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Shipping committee’s app to report delays, graft

  • Written by Gitonga Marete | The East African
  • Published under Industry news

Residents of the East African Community can now use a new app — m-ship — to report delays and incidents of corruption along the major transport corridors and sea ports.

 

“The tool opens an avenue for feedback from users of services and trade routes, a crucial aspect of delivery of service. It will enable us to monitor effectiveness of service from the users,” said Kenneth Mwige, secretary-general of the Intergovernmental Standing Committee on Shipping (ISCOS), the developer of m-ship.

 

To report an incident, users will dial *290# via a Safaricom line.

 

Mr Mwige said the system would assist in identifying areas that needed improvement by collecting data and sending it to the relevant authorities for action.

 

“Users are not only encouraged to report incidents of corruption and delays but also tell us when there are no delays or incidents of corruption so that we are able to benchmark areas where officers offer quality service,” said Mr Mwige in an interview.

 

Since ISCOS is an initiative of four states — Kenya, Uganda, Tanzania and Zambia — and plays a key advisory role on maritime matters, the system will cover the Central Corridor from Dar port to Democratic Republic of Congo and the Dar corridor that runs to Zambia, he said.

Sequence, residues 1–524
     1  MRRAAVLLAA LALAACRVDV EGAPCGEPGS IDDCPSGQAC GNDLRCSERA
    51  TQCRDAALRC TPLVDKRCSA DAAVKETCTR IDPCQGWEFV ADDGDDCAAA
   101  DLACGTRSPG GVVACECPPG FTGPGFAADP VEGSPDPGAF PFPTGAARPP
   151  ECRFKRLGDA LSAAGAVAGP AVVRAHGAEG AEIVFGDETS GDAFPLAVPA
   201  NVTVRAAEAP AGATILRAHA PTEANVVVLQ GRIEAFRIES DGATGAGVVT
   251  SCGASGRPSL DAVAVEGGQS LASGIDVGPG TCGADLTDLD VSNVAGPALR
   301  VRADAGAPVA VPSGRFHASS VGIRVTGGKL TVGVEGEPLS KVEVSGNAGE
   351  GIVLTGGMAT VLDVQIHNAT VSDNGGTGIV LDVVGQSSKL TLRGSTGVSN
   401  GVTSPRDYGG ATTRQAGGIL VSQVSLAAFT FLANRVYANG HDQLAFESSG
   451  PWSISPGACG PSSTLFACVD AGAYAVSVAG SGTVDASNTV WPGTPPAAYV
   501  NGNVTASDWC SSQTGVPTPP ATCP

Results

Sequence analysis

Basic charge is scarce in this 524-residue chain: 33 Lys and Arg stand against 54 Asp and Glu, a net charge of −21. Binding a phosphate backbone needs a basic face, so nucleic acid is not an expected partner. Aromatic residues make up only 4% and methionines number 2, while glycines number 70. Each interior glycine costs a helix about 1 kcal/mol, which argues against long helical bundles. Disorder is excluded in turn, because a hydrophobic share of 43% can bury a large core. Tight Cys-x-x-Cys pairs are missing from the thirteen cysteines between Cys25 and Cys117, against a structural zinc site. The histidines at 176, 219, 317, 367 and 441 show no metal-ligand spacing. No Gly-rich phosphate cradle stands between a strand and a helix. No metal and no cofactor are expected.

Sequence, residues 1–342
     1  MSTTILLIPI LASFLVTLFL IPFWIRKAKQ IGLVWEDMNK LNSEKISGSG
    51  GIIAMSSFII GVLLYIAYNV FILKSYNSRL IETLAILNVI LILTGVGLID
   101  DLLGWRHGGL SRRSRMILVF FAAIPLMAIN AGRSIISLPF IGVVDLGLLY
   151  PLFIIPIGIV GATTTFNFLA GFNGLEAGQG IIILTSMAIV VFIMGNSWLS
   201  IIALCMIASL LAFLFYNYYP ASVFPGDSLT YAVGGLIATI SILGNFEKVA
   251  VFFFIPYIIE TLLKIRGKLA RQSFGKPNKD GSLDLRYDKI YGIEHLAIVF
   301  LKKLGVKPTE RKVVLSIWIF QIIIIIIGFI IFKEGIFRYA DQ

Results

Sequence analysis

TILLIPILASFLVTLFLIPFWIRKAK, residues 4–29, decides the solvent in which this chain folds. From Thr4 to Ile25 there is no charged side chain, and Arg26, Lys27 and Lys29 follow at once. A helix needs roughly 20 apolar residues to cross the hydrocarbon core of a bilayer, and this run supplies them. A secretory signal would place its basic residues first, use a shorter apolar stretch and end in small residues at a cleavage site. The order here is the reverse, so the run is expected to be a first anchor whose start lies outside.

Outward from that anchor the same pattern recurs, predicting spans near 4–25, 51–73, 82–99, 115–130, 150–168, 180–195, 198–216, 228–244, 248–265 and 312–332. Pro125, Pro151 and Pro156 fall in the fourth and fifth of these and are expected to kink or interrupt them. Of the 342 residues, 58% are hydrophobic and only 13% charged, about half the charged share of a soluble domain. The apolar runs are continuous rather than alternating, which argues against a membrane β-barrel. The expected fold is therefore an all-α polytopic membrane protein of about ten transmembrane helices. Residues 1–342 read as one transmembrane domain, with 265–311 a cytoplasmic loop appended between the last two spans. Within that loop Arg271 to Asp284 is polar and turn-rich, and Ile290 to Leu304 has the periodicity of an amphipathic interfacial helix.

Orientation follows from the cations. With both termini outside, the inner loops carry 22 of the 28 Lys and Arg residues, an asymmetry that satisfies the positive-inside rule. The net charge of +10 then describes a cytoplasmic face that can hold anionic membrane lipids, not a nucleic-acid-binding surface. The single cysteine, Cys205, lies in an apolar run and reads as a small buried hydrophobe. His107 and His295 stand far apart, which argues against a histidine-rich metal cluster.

The Ksh9 million ($100,000) mobile application, will initially be free. At the moment, the only charges the system attracts are the normal SMS fees, he added.

 

For action on reported malpractices, ISCOS has signed a memorandum of understanding with the Commission on Administration of Justice.

 

The launch comes in the wake of concerns that with various players in the sector were committed to elimination of non-tariff barriers, new ones are being reported within the EAC.

 

In a recent report, the World Bank said freight and logistics costs account for more than 50 per cent of the cost of transport within the EAC, and NTBs are a major factor. In some countries, these costs can run to 70 per cent, it added.

Source: The East African

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